Tuesday 8 December 2015

Holidays/Vacation 12th December to 19th December 2015

I'm having holiday between Saturday, 12th December 2015 until Saturday, 19th December 2015 inclusive.

Obviously this doesn't affect your ability to order, only my ability to send!

Thanks, Andy

Tuesday 25 August 2015

ECUFix Has Now Gone All Responsive!

ECUFix Has Got a Responsive Theme

This has been bugging me for a while. I use my android mobile more and more nowadays but when I browse my own site, it looks a little bit cramped because it's just the standard desktop theme.

So, off to look around and I found a nice freeware theme for Zen Cart from a company called Picaflor-Azul.com. The theme in question is Responsive Sheffield Blue. These are called responsive themes because they have the ability to react to differing resolutions of different client devices.

Getting a new theme up and running on an existing store can be quite troublesome. I found the best way to do this was to copy the store's database onto my own computer, install ZenCart locally and run a mirror of ECUFix. This way you can get to know the feel of how the site will look and behave. The only downside I experienced was resetting the side boxes (these settings are not readily portable) and getting the payment modules to work (these have to be deleted and reinstalled again).

There remain a few odd issues that need ironing out but I hope it will open up potential customers to me.


Thursday 30 July 2015

Price Drop! USB ISO OBD-II / VAGCOM / AlfaDiag KKL Interface

Interface price reduced!

Here's a selection of what we've got (click on any link to take you to the ECUFix Shop):

USB ISO OBD-II / VAGCOM / AlfaDiag KKL Interface

An old favourite with our customers and electronics tinkerer's around the world.

This interface is FTDI based meaning any PC can interface with it. If in doubt, just visit FTDI and download their latest Virtual Com Port Drivers for your operating system.

Saturday 11 July 2015

Windows Returns Wrong IP Address With Multiple Addresses Defined

I have a Windows 2012 R2 Server that used to have two NICs installed (Network Interfaces). One was my home IP Address of and the other was which is used to host a separate network which has my IP Cameras installed.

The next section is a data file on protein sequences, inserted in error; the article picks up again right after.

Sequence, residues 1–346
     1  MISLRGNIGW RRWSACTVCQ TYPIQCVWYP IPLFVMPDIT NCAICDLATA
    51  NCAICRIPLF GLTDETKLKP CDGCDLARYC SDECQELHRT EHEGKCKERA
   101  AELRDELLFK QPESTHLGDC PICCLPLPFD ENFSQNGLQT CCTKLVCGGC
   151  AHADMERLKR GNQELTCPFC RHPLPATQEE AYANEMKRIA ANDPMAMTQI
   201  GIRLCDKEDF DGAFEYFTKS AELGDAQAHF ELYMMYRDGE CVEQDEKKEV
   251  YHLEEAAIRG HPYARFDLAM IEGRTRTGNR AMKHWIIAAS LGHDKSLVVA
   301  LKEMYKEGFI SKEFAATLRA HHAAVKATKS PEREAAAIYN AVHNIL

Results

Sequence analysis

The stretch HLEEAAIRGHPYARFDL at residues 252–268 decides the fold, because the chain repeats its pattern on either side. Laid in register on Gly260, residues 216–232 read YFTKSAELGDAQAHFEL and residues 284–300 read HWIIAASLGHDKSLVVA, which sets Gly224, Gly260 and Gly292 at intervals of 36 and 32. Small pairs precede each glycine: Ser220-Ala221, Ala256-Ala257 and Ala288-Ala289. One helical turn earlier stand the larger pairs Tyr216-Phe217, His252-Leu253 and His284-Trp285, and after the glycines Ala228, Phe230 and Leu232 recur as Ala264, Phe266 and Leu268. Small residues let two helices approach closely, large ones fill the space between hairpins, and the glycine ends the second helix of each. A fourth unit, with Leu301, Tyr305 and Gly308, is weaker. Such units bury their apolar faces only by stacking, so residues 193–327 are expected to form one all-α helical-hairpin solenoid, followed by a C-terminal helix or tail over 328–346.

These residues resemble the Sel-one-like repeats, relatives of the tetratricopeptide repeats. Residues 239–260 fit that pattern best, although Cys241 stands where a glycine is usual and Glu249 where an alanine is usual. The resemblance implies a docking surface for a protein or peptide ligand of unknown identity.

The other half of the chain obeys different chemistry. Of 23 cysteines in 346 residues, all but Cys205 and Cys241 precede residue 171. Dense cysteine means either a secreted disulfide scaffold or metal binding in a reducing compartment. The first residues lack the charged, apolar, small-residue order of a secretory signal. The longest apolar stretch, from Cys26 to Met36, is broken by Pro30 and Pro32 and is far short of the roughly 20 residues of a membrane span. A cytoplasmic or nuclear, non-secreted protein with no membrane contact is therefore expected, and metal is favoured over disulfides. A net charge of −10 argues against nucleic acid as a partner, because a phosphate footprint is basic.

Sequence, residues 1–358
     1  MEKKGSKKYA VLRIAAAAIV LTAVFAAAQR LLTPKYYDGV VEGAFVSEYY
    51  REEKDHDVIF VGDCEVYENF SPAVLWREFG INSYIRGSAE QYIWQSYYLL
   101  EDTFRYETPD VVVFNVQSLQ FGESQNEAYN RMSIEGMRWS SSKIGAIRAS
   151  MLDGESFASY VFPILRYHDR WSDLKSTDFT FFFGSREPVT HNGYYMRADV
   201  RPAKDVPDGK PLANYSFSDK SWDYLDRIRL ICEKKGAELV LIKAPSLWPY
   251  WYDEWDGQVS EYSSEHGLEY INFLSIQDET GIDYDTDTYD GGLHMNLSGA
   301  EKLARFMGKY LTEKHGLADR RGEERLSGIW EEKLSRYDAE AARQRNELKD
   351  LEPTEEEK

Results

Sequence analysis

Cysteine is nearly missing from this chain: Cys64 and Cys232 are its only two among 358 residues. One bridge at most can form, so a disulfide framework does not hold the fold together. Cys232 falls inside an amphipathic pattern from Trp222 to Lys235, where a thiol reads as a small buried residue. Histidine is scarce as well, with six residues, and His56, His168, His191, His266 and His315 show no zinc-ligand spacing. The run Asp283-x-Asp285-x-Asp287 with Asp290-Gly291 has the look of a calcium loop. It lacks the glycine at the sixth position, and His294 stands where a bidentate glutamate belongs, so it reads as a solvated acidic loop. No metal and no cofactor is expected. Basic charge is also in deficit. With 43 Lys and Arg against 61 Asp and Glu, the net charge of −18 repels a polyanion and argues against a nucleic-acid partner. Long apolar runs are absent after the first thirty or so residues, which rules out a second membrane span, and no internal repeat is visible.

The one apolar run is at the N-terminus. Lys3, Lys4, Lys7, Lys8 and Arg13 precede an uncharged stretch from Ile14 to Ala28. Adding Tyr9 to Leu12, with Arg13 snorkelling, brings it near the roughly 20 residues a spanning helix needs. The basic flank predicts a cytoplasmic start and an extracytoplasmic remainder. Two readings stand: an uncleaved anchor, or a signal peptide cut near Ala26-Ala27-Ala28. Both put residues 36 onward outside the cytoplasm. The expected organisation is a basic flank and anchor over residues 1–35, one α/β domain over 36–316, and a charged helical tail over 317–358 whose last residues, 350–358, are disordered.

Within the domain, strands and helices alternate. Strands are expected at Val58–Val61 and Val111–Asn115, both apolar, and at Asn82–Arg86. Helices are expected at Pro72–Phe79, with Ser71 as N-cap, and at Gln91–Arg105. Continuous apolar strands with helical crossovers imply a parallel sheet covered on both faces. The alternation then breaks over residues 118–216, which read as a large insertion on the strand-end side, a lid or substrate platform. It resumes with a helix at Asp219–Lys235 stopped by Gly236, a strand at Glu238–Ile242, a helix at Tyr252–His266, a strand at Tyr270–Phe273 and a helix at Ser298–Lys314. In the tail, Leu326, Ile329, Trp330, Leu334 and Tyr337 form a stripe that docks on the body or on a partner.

Recently my home server went TITSUP*, so I replaced the motherboard with a simple MSI one which only had a single NIC. No problem, I put both networks onto the same network through a switch and assigned two IP Addresses to the NIC (multi-homed).

The reason I have two IP Addresses is to separate the two networks (obviously) but more importantly the second Network (with its IP Address) actually leaves the house and connects to the IP Cameras. If some miscreant were to obtain access to that cable, he would have access to my internet lovely stuff, therefore that network is configured to restrict that.

OK, the problem I had was that the server was returning the address when it was pinged with the server's name. This then stopped my internal computers from accessing the server via the GUI unless was used instead.

The solution was to use Windows PowerShell and make sure the second address (and probably any more IPs you have) have the SkipAsSource flag set.

You do this by removing the second IP by using the GUI. Starting PowerShell and then run the following commands (note that nothing in windows is case-sensitive. Capitalisation serves to make the commands clearer to read:

Get-NetIPAddress <- To find the names (aliases) of the installed adapters ["Ethernet" in my case]